Being a goaltender means lots of responsibility, some pressure, and the need for a "tough skin." Goalies often receive a lot of undo blame for goals. As a result, goalies and their parents often spend too much time displacing the blame onto "the defense" or "the forward that made a bad play." Don't, because that makes the goalie and their parents just as guilty. Parents, in an effort to "protect" their goaltender, often act like overprotective "stage parents." No team ever won when the players and parents spend time pointing fingers. That creates a negative atmosphere. Good coaches do not blame, but rather teach teamwork and responsibility. Goalies, you must accept your responsibility and approach the game with the proper attitude. Your responsibility is simple: regardless of the circumstances, stop the puck and make a difference. No excuses and no blaming others. Making a difference means "bailing out your team" when a bad play is made, playing better than the opposing goaltender, making the big save when called upon, and giving your team a chance to win. No goalie gets a shutout every game. While the best goalies would rather be "hit by a bus" than give up a goal, they also can accept the responsibility of a goal (regardless of who's fault it is), put it behind them, and concentrate on the next shot. They do not yell at their teammates, stare them down or throw their arms up in disgust. Negative emotion is bad. It splits teams apart.

All players (and parents) have to be coached to play together, to work together, to care about each other so much that each will sacrifice and give everything for team. When that happens it is a great feeling, and the players rise to new heights . . . as a team. This was our the expansion Nashville Predators did so well in the first year. A defenseman makes a bad pass, but the goalie makes a great save. A player takes a foolish penalty and the penalty killing unit along with the goalie, protect that one goal lead! The goalie is out of position and the defenseman dives to block a shot. The puck goes to the point and a forward sacrifices his body by dropping to block a "Rob Blake-like" blast. Everybody is working toward one goal . . . winning. It does not matter who gets the credit, in fact, more praise is handed out when you have success collectively. But, if the goalie is not a team player . . . if the goalie and his parents blame others, yell at others, make excuses, a "total team" can never be achieved. The defense or forwards may not sacrifice to block shots. Teammates may not come to the goalies aid when problems arise. Simply, they won't play with their heart for the goalie. Then, the goalie can never make the real difference, because he does not have his "heart" into the team.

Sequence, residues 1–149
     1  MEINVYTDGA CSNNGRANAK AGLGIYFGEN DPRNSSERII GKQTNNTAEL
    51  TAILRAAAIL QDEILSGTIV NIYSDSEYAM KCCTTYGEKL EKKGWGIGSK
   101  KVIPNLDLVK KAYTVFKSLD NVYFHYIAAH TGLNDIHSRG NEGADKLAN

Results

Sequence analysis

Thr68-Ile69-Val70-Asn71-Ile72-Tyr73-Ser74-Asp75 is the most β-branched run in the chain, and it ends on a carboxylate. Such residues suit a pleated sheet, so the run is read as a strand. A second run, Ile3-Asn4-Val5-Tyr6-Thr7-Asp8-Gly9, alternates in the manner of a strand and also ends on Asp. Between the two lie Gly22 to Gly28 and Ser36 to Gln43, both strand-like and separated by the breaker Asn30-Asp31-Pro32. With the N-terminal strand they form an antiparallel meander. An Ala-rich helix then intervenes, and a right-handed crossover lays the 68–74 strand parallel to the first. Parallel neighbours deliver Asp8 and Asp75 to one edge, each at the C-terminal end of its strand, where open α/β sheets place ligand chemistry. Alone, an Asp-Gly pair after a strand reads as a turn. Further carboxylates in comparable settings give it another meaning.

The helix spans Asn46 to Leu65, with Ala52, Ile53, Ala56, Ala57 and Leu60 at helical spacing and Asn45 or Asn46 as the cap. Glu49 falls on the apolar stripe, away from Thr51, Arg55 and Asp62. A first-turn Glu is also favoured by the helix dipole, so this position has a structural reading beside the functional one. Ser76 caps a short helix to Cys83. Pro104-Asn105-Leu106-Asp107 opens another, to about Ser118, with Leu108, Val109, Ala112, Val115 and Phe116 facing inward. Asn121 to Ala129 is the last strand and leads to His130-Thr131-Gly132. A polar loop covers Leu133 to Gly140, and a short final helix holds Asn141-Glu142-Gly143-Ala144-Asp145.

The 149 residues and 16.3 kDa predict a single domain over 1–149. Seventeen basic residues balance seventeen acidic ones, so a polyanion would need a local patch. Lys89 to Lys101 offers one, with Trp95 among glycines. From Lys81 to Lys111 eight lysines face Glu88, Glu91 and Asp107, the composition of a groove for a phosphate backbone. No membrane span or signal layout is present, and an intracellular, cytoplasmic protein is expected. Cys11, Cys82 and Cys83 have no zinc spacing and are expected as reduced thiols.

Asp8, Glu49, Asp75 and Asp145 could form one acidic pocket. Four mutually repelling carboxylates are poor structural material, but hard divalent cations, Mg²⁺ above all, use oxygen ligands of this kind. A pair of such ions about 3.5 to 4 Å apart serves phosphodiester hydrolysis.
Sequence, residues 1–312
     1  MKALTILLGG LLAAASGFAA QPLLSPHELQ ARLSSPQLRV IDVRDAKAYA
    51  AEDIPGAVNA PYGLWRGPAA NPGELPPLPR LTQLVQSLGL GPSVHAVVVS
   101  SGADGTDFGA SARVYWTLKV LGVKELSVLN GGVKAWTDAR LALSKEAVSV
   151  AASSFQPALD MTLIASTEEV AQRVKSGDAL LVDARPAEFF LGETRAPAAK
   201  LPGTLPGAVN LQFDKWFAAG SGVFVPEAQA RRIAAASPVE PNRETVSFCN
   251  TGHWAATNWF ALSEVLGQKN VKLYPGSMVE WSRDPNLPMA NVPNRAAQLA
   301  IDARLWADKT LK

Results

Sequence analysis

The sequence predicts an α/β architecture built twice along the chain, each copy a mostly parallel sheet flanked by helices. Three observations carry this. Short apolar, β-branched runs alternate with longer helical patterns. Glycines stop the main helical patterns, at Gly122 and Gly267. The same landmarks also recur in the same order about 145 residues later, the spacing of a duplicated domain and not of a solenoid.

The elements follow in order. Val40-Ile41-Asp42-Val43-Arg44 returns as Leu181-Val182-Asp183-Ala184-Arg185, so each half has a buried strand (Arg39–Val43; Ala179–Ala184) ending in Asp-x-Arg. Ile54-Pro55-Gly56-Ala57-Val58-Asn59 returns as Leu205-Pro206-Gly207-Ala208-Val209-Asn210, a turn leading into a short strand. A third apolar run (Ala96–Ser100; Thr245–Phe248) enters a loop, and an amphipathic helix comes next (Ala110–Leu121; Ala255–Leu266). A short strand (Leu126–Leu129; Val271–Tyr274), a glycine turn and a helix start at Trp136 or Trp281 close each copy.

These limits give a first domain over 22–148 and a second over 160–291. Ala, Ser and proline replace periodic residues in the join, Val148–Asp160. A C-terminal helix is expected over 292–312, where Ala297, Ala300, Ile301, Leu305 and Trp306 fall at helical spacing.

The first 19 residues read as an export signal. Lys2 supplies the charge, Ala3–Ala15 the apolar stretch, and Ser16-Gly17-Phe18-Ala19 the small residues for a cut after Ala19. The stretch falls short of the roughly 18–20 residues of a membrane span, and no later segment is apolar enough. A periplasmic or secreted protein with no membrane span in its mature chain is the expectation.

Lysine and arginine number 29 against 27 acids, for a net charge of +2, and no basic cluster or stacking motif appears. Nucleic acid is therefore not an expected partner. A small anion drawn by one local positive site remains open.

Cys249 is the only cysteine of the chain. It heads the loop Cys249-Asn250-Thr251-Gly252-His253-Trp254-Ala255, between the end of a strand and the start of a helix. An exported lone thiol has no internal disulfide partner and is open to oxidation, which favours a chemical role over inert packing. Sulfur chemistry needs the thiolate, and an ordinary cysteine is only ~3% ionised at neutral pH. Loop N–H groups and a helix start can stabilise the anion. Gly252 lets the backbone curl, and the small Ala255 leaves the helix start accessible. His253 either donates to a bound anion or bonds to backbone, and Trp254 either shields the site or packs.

What about when the goalie plays well, and the team loses? Should the goalie be totally happy . . . totally satisfied? No! Should the goalie blame his teammates? No! Should the goalie strive to "make more of a difference?" Yes! It's the goalie's job to bail his team out when they do not play well, and the team's job to bail out the goalie when he is not sharp. That shows "heart" and responsibility . . . A TRUE TEAM CONCEPT. No "pointing the finger." Goalies must be mentally tough, very secure, extremely competitive with "big shoulders" and have the burning desire to make a difference. And parents, be supportive and stress the importance of not blaming others. Accept the challenge of "making the difference." This, too, is a life lesson…not only hockey!!
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